Innovative Motswana Nominated For Global Award

Eunice Ntobedzi
Eunice Ntobedzi

Middle-aged Motswana Eunice Ntobedzi, who invented a “mobile enabled community energy management platform”, is one of the two Africans who have been nominated for the Global Innovation Award.

The Francistown College of Technical and Vocational Education (FCTVE) teacher trainer is among the 76 innovators selected from 792 entrants globally.

Ntobedzi’s innovation project called ‘Empowered’ has been selected to go through to the next stage of a Global Innovation Award.  Winners of the award will be announced at an Innovative Summit to be held in Kenya in July.

As an aspiring entrepreneur, Ntobedzi identified a problem that is the lack of electricity and a solution, which is solar PV energy. She also identified the barriers, which prevent the adoption of solar PV.  “The ‘mobile age’ has increased global collaboration and investment in the mobile / Internet infrastructure along with support to the institutions will speed up development,’ she says.


She adds that energy security is a cornerstone for maintaining Botswana’s economic growth, and her innovation will increase the adoption of renewable energy use and diversify the dependence on existing unsustainable energy supplies.

According to Ntobedzi, researches, which suggest that in Botswana out of 365 days in a year, there are 308 days of sunshine, though there are still power outages and the country depends heavily on power supply from South Africa, inspired her to do her own project. Research also showed her that the prices of solar equipment dropped significantly in the last 10 years and continue to do so.  This innovation will benefit individuals, businesses and countries that intend to adopt the use of solar PV technologies, either rooftops or solar farms.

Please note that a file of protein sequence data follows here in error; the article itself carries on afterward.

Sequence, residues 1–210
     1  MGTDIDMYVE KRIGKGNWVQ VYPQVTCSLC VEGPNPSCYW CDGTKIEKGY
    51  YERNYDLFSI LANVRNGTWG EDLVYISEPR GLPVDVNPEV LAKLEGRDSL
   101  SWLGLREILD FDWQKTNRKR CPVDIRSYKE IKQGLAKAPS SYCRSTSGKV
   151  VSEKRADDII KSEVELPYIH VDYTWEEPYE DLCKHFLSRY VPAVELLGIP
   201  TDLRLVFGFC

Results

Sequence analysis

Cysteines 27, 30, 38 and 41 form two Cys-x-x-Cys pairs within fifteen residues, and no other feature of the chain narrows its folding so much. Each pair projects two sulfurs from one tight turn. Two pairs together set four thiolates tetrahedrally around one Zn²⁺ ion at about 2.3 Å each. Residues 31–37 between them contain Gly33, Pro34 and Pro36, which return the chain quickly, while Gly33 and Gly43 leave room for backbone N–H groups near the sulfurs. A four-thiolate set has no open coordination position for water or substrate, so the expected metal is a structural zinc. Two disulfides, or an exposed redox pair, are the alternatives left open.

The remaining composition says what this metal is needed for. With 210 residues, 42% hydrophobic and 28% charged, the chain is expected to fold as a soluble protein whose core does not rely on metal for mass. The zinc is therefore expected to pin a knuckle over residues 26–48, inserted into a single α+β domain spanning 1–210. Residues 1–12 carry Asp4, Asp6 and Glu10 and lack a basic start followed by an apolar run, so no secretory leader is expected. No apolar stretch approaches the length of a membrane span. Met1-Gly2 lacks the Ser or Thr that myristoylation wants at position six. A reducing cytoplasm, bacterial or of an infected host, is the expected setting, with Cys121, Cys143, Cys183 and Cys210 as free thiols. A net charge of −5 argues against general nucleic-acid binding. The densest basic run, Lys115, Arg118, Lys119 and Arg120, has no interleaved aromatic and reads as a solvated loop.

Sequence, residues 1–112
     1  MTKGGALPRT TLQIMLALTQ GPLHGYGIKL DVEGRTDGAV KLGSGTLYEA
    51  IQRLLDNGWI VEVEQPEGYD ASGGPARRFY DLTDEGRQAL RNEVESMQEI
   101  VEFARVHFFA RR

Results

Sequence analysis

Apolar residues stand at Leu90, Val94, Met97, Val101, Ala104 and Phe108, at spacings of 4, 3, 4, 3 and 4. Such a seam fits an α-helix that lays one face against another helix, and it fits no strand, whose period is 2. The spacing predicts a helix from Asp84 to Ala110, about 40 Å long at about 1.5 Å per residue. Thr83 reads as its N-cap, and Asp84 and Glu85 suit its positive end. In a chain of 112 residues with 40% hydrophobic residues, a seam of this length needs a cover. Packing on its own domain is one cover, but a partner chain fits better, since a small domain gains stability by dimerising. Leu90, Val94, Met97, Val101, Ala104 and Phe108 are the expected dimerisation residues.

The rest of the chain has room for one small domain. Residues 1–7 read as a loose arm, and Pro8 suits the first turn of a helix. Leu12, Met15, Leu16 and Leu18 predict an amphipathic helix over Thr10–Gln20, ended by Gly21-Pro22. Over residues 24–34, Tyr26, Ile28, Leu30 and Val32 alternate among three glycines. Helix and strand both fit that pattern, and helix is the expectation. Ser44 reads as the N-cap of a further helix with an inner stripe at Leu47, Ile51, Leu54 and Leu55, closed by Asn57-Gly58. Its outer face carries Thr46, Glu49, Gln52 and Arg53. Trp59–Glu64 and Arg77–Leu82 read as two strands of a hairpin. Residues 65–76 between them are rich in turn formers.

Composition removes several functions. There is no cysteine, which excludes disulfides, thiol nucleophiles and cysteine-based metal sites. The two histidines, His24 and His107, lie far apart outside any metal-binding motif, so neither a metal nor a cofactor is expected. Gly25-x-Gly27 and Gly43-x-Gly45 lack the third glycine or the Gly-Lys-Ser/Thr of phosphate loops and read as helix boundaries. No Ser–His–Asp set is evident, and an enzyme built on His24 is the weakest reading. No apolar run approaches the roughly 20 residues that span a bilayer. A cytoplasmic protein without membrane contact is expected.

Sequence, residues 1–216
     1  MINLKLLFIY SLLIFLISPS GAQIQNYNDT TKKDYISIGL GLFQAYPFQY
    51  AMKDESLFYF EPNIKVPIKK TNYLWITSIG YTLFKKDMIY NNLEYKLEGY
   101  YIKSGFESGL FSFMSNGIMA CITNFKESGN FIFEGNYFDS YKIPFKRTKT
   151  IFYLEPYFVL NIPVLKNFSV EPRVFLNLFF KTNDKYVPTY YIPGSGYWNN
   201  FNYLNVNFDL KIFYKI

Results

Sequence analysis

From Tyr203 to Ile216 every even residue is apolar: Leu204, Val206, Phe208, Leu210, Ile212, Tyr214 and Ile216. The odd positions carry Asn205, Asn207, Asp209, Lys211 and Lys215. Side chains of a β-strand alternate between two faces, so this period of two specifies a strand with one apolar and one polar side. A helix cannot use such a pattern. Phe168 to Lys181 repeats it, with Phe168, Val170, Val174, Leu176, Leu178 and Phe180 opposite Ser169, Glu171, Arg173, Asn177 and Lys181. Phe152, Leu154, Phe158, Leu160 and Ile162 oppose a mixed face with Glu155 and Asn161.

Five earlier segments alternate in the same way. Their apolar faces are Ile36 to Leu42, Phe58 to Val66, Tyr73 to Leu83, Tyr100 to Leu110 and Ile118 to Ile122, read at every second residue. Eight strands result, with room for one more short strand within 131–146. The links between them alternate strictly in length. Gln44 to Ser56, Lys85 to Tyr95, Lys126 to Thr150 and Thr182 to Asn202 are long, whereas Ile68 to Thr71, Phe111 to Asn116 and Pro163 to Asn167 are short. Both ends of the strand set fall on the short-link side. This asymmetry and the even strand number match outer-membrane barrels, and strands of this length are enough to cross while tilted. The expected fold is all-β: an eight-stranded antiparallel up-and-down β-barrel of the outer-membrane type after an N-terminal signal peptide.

When the competition opened in March this year, Ntobedzi says she decided to enter since it was open for both ideas and startups.

There has been no external funding; she used her own financial resources with support from family and friends. 

According to Ntobedzi, the next stage of the project will however require some seed capital and investment funding and support from mobile companies to integrate the technologies.

However there do already exist platforms of pay-as-you-go such as MyZaka, Orange Money that can be utilised. Mobile companies and banks have also taken great interest in enabling the innovation.  Since the award nomination, Botswana Innovation Hub (BIH) has been quick to come forward to offer congratulations and offer support to Ntobedzi.

BIH’s CEO Alan Boshwaen made a personal call in support to her. With only less than two months left for the Kenyan summit, Ntobedzi is looking forward to going to Kenya and representing Botswana and Africa.

Ntobedzi has a BSc in Computer Information Technology & Statistics from the University of Pretoria. Further to that, she also has a Graduate Diploma in Technical and Vocational Education from FCTVE.

She has also been short-listed as a Botswana Chevening Scholar and expected to secure a full scholarship in the United Kingdom (UK) at UK’s top three Entrepreneurs.

Editor's Comment
What about employees in private sector?

How can this be achieved when there already is little care about the working conditions of those within the private sector employ?For a long time, private sector employees have been neglected by their employers, not because they cannot do better to care for them, but because they take advantage of government's laxity when it comes to protecting and advocating for public sector employees, giving the cue to employers within the private sector...

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